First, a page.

Universal PCR can be used as a tool for the rapid detection of bacteria in normally sterile clinical samples and, as such, would be useful in differentiating bacterial from viral infections. This would confirm the necessity for antibiotic treatment and would influence patient management. Numerous workers (8, 16, 21, 24, 33) have used the 16S rRNA gene as a target for nonculture detection, and it has been the most widely used target for universal PCR amplification of DNAs from a broad range of organisms (17). The 16S rRNA gene is present in multiple copies in the genomes of all known human bacterial pathogens that belong to the eubacterial kingdom. Many bacterial species contain up to seven copies of the gene (3). A gene target that is present in multiple copies increases the possibility of detection of small numbers of pathogens over an assay that detects a single copy gene target. A large amount of 16S rRNA sequence data is available, and these data indicate the highly conserved nature of the gene across the eubacterial kingdom. In addition, there is sufficient variation within the 16S rRNA gene to provide species-specific discrimination of some of the major causative agents of meningitis and septicemia, namely, Neisseria meningitidis, Escherichia coli, Haemophilus influenzae, Streptococcus pneumoniae, and Listeria monocytogenes (24).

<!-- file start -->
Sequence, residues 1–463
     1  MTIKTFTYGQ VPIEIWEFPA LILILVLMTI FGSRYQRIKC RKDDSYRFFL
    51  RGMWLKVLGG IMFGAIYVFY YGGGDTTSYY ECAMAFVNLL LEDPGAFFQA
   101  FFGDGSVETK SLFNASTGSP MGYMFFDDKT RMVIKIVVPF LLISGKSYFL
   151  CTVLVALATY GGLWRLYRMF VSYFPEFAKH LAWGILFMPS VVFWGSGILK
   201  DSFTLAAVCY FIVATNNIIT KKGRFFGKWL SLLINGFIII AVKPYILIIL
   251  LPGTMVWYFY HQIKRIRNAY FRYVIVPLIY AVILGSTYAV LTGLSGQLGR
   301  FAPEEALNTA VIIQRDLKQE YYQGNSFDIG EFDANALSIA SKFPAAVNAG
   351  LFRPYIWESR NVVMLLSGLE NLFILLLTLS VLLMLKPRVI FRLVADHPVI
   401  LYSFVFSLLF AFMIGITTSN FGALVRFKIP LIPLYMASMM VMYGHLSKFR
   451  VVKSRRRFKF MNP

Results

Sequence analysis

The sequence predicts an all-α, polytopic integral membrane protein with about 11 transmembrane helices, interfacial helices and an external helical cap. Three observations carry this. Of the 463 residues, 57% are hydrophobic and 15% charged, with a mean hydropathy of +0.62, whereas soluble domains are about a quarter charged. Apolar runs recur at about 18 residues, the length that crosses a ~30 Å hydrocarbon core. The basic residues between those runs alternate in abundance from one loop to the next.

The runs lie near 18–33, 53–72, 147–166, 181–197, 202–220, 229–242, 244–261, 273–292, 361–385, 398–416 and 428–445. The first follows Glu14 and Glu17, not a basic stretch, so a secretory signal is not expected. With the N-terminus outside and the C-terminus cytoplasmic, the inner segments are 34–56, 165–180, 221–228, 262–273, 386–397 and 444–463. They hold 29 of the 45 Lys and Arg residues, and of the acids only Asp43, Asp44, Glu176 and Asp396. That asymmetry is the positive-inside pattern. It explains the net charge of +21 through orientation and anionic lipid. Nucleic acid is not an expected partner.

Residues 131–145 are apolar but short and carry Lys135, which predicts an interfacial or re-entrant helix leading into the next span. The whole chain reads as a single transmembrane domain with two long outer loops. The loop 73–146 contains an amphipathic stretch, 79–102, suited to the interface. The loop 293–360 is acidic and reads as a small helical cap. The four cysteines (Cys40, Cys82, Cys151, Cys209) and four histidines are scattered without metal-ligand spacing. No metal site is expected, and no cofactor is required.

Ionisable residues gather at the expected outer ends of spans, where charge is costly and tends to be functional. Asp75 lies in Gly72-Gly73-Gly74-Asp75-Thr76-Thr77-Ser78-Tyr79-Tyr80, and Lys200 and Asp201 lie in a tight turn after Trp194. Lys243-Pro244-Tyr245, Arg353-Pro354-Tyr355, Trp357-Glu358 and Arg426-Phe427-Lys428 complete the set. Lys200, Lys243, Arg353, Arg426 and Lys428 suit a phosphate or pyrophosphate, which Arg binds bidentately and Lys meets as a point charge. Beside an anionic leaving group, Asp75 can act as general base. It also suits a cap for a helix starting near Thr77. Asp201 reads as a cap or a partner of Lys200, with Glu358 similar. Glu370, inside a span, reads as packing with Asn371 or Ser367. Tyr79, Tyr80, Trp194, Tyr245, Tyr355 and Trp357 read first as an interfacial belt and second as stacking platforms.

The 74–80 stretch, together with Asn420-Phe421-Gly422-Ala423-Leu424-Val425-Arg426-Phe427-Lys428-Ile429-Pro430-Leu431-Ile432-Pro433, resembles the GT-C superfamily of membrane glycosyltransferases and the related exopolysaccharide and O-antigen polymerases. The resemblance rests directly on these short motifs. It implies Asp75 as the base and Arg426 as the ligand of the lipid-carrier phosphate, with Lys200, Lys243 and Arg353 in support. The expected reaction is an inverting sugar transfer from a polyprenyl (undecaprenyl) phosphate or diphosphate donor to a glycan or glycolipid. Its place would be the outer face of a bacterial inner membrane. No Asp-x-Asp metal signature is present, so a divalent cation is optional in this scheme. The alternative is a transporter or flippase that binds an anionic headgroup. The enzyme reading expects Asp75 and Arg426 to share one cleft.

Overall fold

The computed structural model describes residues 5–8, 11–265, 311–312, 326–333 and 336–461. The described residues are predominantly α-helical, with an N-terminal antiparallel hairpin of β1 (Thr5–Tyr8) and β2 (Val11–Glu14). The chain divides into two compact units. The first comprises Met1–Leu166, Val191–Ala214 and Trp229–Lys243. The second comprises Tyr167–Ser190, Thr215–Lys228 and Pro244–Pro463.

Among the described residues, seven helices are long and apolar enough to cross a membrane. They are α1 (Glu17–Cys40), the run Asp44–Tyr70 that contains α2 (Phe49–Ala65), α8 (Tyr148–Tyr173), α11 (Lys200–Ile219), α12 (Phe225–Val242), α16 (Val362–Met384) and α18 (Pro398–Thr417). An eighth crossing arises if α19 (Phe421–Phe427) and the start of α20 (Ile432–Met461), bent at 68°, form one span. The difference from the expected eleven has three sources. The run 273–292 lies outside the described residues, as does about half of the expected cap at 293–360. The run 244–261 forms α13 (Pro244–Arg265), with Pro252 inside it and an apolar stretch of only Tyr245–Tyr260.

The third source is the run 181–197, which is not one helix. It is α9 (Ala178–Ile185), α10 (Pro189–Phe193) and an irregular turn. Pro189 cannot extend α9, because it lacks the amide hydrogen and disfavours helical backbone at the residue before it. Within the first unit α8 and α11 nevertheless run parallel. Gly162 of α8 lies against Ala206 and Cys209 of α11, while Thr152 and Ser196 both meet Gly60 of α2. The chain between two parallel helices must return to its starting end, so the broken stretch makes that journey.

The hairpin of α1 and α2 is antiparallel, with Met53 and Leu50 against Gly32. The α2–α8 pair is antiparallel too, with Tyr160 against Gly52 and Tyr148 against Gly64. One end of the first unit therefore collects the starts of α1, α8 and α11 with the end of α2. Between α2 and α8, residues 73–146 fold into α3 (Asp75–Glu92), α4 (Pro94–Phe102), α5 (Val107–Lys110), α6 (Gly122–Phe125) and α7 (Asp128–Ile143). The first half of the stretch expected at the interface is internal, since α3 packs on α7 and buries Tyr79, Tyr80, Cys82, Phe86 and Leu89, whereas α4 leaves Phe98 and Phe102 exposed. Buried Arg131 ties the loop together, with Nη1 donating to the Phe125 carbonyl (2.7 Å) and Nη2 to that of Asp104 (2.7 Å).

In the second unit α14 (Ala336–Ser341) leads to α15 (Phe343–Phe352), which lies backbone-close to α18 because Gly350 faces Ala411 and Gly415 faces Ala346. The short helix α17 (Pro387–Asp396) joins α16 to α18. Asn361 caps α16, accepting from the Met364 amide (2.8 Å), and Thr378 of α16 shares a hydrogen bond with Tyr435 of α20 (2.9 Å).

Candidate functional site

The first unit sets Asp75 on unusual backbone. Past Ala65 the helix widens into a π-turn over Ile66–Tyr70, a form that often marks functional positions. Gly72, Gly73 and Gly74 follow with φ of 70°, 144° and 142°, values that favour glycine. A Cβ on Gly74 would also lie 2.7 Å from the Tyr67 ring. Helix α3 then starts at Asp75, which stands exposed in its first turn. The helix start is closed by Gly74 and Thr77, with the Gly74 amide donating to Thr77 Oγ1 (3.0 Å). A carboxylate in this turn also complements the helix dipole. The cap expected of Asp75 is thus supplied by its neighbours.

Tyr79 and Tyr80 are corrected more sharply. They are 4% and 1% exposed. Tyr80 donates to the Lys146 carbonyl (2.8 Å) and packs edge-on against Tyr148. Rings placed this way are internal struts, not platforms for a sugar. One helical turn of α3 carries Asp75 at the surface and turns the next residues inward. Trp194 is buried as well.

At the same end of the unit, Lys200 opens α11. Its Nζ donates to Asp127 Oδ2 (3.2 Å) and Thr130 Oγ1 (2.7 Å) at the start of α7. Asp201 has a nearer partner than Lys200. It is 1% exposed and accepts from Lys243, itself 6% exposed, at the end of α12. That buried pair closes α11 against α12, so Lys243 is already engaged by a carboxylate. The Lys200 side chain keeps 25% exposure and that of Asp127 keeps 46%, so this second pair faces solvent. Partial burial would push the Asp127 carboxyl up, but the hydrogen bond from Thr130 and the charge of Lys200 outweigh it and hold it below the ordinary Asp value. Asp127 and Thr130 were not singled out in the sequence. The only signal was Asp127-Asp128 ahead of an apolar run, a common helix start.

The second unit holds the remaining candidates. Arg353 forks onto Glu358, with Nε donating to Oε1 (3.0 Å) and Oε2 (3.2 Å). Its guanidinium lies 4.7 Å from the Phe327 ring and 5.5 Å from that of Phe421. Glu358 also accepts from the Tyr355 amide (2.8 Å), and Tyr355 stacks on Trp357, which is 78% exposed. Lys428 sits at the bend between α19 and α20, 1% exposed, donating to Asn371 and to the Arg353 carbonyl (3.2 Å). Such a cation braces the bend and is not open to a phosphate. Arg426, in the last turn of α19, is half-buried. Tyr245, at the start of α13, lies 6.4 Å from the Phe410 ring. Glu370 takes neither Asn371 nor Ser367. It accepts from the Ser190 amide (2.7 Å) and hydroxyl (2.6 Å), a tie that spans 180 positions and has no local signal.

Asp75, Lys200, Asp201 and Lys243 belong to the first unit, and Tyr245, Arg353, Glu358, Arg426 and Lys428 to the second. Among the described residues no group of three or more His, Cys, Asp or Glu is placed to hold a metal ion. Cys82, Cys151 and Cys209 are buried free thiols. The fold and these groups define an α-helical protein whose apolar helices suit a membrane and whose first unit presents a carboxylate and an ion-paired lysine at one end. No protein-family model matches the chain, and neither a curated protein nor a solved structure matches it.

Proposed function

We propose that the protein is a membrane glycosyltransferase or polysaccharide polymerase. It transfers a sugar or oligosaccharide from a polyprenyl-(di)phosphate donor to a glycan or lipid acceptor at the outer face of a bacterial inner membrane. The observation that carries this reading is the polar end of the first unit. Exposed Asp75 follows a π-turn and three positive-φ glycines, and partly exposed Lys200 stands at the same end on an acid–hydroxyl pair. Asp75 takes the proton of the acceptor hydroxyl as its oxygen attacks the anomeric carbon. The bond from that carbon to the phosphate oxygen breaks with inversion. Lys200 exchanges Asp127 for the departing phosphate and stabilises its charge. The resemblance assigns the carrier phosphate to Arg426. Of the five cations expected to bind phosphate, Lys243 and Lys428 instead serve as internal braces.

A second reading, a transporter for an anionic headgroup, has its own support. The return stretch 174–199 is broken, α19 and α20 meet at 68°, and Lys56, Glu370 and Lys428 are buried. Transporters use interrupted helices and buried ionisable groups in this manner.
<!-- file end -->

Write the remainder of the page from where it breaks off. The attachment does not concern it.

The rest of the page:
PCR is capable of 106- to 107-fold amplification of a single copy of template DNA (29), making minor contamination of the PCR mixture with exogenous DNA a problem. This problem is exaggerated by the use of a highly conserved multiple-copy amplification target. The implementation of a universal 16S rRNA PCR can be hindered by problems with contamination of reagents which may be derived from a bacterial source, such as Taq DNA polymerase and uracil-N-glycosylase (UNG). During enzyme production, nucleic acid, including ribosomal DNA sequences, are copurified. It has been well documented (2, 12, 25, 31) that Taq DNA polymerase enzyme may contain a source of contaminating DNA as a result of its manufacture and incomplete purification. The enzyme is commonly expressed as a recombinant protein in E. coli or is obtained as a native protein from Thermus aquaticus (19). Several investigators (6, 10, 13, 27, 32) have encountered and attempted to overcome this problem by a strategy of Taq DNA polymerase treatment by physical, chemical, and enzymatic means. However, these strategies used low-sensitivity detection by agarose gel electrophoresis with ethidium bromide staining and visualization with UV light and are not optimal for the detection of small numbers of the bacterial template DNA copies often found in culture-negative clinical samples.